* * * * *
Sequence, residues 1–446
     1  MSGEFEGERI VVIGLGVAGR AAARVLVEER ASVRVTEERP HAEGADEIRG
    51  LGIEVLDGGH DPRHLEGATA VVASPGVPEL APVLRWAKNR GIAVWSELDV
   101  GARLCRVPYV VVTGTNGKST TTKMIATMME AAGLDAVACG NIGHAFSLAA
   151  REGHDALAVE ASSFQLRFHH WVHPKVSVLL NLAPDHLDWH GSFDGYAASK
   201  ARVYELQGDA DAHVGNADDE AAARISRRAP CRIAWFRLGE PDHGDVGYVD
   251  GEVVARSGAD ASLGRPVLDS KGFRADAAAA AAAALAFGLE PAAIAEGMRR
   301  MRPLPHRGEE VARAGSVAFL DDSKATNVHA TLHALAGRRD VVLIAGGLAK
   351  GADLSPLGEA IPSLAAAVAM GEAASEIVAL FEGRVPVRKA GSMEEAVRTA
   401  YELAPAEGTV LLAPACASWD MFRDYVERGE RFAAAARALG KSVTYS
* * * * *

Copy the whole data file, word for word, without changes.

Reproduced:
Sequence, residues 1–446
     1  MSGEFEGERI VVIGLGVAGR AAARVLVEER ASVRVTEERP HAEGADEIRG
    51  LGIEVLDGGH DPRHLEGATA VVASPGVPEL APVLRWAKNR GIAVWSELDV
   101  GARLCRVPYV VVTGTNGKST TTKMIATMME AAGLDAVACG NIGHAFSLAA
   151  REGHDALAVE ASSFQLRFHH WVHPKVSVLL NLAPDHLDWH GSFDGYAASK
   201  ARVYELQGDA DAHVGNADDE AAARISRRAP CRIAWFRLGE PDHGDVGYVD
   251  GEVVARSGAD ASLGRPVLDS KGFRADAAAA AAAALAFGLE PAAIAEGMRR
   301  MRPLPHRGEE VARAGSVAFL DDSKATNVHA TLHALAGRRD VVLIAGGLAK
   351  GADLSPLGEA IPSLAAAVAM GEAASEIVAL FEGRVPVRKA GSMEEAVRTA
   401  YELAPAEGTV LLAPACASWD MFRDYVERGE RFAAAARALG KSVTYS